Evel Knievel Days, the sophomore novel from Pauls Toutonghi follows 20-year-old Khosi Saqr the summer he discovers his father. Khosi is an obsessive-compulsive, semi-agoraphobic, half-Egyptian, half Irish-American museum guide living in Butte, Montana, hevel knievelome of Evel Knievel.  When gambling debts and loan sharks caught up with him, Khosi’s father fled Montana for Egypt, leaving Khosi’s mother a three-year-old son, and his family’s recipes.

Family is key in Khosi’s life. He disagrees with Tolstoy’s contention that unhappy families are each unhappy in their own way. “See: I think Tolstoy was wrong. Unhappy families are all alike. They’re all alike in this moment-in this pause before something happens, in the pause before someone reacts. And that pause: It can last seconds or minutes or days or months or years.” For Khosi, the pause has been life-long. He imagines that someday he will see the family tree in Egypt and perhaps have the chance to utter the word, “daddy,” but his lifelong estrangement from his father makes this unlikely.  He knew his mother’s parents, but they never accepted Khosi and his Egyptian heritage, even while he sat at their dining room table. Khosi’s closest relationship in his family, aside from his mother is the ghost of his great-great-grandfather, copper magnate William Andrews Clark who tags along to Egypt when Khosi decides it’s time to meet his father. So, in short, it’s a book about family, food, Evel Knievel, overcoming personal challenges, copper in its many forms, a copper baron’s legacy (and his ghost), and traveling to Egypt.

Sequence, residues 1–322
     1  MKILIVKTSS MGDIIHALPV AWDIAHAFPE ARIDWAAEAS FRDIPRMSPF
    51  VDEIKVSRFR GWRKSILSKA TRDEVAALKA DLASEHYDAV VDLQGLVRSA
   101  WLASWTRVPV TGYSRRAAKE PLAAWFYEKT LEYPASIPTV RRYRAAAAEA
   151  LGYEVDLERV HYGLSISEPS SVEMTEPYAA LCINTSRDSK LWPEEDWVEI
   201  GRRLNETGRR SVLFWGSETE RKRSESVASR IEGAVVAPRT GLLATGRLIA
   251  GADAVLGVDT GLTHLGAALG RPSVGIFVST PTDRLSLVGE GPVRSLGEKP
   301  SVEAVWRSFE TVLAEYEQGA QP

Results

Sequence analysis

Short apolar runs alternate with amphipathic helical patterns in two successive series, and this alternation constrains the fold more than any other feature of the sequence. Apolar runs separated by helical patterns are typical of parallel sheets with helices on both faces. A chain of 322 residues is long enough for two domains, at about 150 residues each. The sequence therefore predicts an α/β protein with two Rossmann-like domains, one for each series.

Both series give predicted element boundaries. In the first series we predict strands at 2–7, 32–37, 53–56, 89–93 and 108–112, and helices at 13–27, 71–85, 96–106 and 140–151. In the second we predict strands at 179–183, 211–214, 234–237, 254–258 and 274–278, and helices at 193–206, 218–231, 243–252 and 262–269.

If you haven’t picked up your copy of Evel Knievel Days yet, you’ve still got plenty of time! There are print copies and eReaders with the book pre-loaded available at Dunbar Library. You can purchase a copy for 20% at the WSU Bookstore.

We had a great discussion at September’s meeting when we talked about The Unchangeable Spots of Leopards by Kristopher Jansma, and I’m looking forward to the discussion of Evel Knievel Days.

Come discuss this title with us at Unwin(e)d on Thursday, November 14 at 5:30 p.m. at Winan’s Fine Chocolates and Coffees. If you have any questions about the group, feel free to get in touch with me at mandy.shannon@wright.edu.  I hope to see you on the 14th!